Monday, April 24, 2017

Smart Financial Planning for College

Today we are joined by guest blogger Drew Cloud and talking about smart financial planning and college.  I hope you enjoy! 

Why Families Should Use SDRSI Before Decision Day

As the constantly increasing cost of earning a college degree outpaces the rise of early career wages, many families should dedicate extra time to choose the most affordable school for their high school graduate to make sure they can afford the student loan payments. One of the tools they can use before decision day is the Student Debt Repayment Success Indicator (SDRSI) as they select the best college.

What is SDRSI?

The Student Debt Repayment Success Indicator (SDRSI) uses the median salary of new graduates, the average debt per graduate, and a college’s default rate within the first three years of graduation to compute the likelihood that future college graduates will be able to successfully repay their student loans after graduation. A higher SDRSI score means a higher probability that if your child attends that college, they are more likely to afford the monthly student loan payment than going to a school with a lower SDRSI score.

Here is how to calculate the SDRSI score for a particular school.


  1. Divide the Early Career Pay (Median salary of alumni 0-5 years from graduation) by the average Debt per Borrower of each college graduate.
  2. Multiply that number by one minus the school’s default rate.

This number is the SDRSI score.

Comparing the SDRSI of Two Colleges

As an example let’s assume your child wants to attend school in Virginia by comparing the two colleges in Virginia with the highest and lowest SDRSI scores for that state.

The University of Mary Washington has the highest SDRSI score for Virginia colleges and universities with a score of 2.51 and is ranked 44th in the nation.

Bridgewater College has an SDRSI of 1.00 and is ranked 710th in the nation.

The primary reason the University of Mary Washington has a much higher score is because it has a higher early career salary, a notably lower average debt balance, and a lower default rate.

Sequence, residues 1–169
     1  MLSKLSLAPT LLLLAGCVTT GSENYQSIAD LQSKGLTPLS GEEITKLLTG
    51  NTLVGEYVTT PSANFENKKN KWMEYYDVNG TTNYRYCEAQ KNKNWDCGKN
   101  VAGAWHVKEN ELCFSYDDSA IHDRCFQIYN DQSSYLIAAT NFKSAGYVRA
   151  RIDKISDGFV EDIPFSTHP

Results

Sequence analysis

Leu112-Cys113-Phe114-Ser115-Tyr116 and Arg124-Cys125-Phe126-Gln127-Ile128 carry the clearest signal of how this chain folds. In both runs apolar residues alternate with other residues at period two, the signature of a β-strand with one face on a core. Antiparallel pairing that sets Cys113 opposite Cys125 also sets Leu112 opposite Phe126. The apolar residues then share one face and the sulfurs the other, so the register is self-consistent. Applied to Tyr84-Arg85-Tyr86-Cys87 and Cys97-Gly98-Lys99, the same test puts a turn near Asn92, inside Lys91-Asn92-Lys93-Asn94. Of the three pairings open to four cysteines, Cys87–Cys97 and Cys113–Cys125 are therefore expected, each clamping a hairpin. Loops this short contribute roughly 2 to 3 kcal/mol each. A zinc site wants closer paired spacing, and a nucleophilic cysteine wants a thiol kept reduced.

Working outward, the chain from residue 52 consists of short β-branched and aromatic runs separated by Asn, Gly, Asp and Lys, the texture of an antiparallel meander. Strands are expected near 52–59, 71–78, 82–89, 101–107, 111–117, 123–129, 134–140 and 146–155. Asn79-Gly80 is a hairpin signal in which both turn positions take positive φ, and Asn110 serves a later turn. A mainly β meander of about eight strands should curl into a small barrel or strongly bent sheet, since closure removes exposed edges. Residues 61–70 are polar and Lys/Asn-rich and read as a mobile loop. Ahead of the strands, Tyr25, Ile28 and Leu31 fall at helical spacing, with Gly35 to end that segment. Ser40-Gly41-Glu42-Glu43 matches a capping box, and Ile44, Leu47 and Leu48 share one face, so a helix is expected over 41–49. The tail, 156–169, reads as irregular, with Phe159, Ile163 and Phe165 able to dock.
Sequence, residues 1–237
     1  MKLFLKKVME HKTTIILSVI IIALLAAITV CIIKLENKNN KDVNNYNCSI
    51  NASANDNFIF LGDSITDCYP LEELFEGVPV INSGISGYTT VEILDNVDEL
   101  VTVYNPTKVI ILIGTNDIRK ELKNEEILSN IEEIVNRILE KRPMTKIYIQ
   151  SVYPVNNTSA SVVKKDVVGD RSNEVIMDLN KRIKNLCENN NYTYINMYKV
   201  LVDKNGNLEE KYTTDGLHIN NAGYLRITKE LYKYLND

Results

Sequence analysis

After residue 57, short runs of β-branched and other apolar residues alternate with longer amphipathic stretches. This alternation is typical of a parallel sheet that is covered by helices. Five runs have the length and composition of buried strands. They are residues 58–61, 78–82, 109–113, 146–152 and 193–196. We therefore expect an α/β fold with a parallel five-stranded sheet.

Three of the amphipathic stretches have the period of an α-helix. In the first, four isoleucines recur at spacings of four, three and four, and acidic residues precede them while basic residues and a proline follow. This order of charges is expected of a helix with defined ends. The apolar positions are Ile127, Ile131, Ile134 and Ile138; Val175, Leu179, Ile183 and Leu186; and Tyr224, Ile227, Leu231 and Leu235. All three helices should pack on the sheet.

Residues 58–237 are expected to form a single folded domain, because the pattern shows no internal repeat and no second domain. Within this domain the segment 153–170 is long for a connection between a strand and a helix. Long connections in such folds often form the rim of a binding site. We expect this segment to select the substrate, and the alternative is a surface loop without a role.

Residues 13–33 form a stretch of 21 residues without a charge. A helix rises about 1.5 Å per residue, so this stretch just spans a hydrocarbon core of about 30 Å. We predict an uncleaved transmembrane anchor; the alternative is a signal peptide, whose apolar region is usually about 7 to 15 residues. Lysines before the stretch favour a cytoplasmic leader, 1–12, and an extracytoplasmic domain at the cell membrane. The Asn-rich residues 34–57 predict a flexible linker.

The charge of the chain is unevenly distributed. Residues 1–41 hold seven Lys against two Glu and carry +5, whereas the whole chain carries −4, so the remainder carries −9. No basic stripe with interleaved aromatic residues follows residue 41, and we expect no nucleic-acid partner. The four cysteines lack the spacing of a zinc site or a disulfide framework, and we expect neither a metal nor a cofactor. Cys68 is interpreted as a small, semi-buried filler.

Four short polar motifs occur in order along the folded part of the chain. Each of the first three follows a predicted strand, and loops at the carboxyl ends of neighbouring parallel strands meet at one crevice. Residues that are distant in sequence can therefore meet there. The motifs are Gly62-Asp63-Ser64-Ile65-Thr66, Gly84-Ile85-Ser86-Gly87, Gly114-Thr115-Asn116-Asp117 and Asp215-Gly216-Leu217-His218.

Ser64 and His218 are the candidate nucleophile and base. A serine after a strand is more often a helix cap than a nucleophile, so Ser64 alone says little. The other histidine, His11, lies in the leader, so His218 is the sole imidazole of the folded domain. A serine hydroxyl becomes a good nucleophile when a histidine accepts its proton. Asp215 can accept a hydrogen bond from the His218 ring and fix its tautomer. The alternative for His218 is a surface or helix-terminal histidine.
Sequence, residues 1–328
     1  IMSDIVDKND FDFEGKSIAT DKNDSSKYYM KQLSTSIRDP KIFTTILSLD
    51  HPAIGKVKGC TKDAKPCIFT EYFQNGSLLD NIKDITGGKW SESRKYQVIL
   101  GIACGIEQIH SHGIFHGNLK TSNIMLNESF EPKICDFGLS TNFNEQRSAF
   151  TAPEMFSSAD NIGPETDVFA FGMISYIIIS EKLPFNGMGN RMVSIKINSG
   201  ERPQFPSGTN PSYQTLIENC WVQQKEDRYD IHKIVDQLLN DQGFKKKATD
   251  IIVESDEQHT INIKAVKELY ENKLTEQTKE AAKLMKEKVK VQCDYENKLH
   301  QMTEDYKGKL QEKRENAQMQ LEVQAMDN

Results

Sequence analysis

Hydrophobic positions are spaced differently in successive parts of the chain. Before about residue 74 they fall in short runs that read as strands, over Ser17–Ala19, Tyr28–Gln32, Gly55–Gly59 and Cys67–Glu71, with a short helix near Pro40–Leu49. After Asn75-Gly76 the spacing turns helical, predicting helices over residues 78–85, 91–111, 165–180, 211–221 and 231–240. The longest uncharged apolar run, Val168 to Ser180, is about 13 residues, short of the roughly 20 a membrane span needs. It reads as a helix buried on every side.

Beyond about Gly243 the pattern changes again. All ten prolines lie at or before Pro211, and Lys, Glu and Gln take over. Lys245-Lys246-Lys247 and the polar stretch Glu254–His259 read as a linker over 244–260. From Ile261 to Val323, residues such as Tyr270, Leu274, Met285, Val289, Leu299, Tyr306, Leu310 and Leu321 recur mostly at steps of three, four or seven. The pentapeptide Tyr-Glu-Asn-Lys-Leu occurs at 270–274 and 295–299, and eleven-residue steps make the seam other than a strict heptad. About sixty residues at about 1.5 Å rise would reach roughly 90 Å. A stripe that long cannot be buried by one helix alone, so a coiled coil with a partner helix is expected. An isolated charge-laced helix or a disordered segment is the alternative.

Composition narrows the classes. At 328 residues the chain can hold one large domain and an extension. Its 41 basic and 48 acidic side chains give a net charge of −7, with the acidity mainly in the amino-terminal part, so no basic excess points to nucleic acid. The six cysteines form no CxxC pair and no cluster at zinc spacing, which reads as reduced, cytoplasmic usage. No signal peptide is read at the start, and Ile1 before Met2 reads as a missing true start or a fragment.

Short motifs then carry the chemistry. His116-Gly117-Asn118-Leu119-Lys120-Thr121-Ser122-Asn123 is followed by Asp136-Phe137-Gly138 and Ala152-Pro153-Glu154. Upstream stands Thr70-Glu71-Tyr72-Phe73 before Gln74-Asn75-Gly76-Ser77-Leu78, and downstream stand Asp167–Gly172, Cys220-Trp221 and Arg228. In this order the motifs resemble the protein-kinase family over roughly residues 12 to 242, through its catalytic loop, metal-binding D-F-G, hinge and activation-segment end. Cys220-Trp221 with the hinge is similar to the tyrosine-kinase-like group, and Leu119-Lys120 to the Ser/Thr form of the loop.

While attending a school with a higher SDRSI doesn’t guarantee a high starting salary or on-time student loan payments, it can help you and other families get a better idea if a college degree can be more lucrative than a degree from another college.

Colleges Might Not Disclose Default Statistics

It’s easy for most families to primarily focus on the degree options, proximity, or special programs that a particular college offers. That means it is easy to overlook the default statistics as a college might not be so quick to publicize a high default rate or student loan balance in promotional material that high school student looks at unless they have really good alumni placement or debt repayment statistics.

Another reason families should use the SDRSI is because it can be hard to estimate the total cost of college while their student is still in high school.

They might not be sure the exact amount of financial aid from grants and scholarships they will receive each year, if the student will need 5 years to graduate instead of 4 years, or the rate of future tuition increases.



Why the SDRSI is Good

The SDRSI helps assign a grade for each school when it comes to student loan repayment of its recent graduates to help high school families make an informed decision to help prepare their child to receive a degree at the lowest possible price and earn the highest starting salary possible. Success alone isn’t determined by a single score, but, it makes planning for the future easier.

Drew Cloud started The Student Loan Report after he graduated from college. While he pays off his student loans, working his life away, Drew took a liking to journalistic writing which led him to funneling all his energy into the website, turning it into a news outlet for the student loan industry.

Linking Up With:  The Homeschool Nook



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Homeschooling the Middle & High School Years

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